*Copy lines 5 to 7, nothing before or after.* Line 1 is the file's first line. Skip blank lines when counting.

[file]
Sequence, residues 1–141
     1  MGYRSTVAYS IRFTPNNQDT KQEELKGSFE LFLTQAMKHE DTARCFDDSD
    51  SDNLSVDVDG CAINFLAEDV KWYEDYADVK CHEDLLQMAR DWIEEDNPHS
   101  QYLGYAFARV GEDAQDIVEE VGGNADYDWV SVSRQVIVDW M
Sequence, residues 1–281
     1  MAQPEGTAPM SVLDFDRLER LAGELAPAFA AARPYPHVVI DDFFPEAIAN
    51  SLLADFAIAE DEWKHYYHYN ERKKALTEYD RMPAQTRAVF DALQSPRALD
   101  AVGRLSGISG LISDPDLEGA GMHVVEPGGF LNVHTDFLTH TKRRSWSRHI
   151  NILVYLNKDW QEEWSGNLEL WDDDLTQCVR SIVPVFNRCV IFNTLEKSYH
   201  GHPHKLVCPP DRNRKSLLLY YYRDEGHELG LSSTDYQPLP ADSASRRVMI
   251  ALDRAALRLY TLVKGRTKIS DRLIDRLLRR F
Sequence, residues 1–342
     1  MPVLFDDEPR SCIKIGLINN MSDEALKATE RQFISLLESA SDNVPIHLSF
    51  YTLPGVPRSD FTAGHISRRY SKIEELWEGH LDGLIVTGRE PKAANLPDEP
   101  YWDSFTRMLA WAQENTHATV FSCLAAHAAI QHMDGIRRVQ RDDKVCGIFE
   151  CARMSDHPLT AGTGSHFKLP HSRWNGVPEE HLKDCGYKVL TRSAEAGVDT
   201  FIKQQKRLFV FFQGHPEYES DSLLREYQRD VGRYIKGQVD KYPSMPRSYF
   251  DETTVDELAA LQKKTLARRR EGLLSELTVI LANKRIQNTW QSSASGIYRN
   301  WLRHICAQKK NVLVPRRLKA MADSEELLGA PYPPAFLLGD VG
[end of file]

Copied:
Sequence, residues 1–281
     1  MAQPEGTAPM SVLDFDRLER LAGELAPAFA AARPYPHVVI DDFFPEAIAN
    51  SLLADFAIAE DEWKHYYHYN ERKKALTEYD RMPAQTRAVF DALQSPRALD